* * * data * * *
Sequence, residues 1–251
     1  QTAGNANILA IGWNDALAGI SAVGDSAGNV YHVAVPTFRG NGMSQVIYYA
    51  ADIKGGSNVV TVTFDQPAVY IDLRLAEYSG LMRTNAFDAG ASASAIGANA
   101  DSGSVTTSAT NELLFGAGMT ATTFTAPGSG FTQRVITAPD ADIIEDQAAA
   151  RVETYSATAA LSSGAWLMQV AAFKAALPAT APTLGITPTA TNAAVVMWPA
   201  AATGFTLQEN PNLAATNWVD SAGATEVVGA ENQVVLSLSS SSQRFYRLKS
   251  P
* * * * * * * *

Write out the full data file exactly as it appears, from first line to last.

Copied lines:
Sequence, residues 1–251
     1  QTAGNANILA IGWNDALAGI SAVGDSAGNV YHVAVPTFRG NGMSQVIYYA
    51  ADIKGGSNVV TVTFDQPAVY IDLRLAEYSG LMRTNAFDAG ASASAIGANA
   101  DSGSVTTSAT NELLFGAGMT ATTFTAPGSG FTQRVITAPD ADIIEDQAAA
   151  RVETYSATAA LSSGAWLMQV AAFKAALPAT APTLGITPTA TNAAVVMWPA
   201  AATGFTLQEN PNLAATNWVD SAGATEVVGA ENQVVLSLSS SSQRFYRLKS
   251  P